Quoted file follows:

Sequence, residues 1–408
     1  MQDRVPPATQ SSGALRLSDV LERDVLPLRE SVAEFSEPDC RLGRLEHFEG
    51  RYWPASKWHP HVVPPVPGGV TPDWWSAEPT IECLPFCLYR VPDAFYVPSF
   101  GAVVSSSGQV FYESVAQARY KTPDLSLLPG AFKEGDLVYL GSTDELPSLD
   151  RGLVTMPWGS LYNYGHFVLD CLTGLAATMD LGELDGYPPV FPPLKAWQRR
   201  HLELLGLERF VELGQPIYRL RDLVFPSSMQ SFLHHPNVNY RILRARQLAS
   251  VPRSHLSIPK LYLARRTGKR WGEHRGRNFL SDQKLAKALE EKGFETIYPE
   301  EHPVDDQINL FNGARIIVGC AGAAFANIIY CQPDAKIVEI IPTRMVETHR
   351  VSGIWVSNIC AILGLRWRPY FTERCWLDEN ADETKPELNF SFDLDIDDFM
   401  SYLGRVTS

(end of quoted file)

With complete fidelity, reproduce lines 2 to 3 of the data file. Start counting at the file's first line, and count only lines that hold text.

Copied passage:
     1  MQDRVPPATQ SSGALRLSDV LERDVLPLRE SVAEFSEPDC RLGRLEHFEG
    51  RYWPASKWHP HVVPPVPGGV TPDWWSAEPT IECLPFCLYR VPDAFYVPSF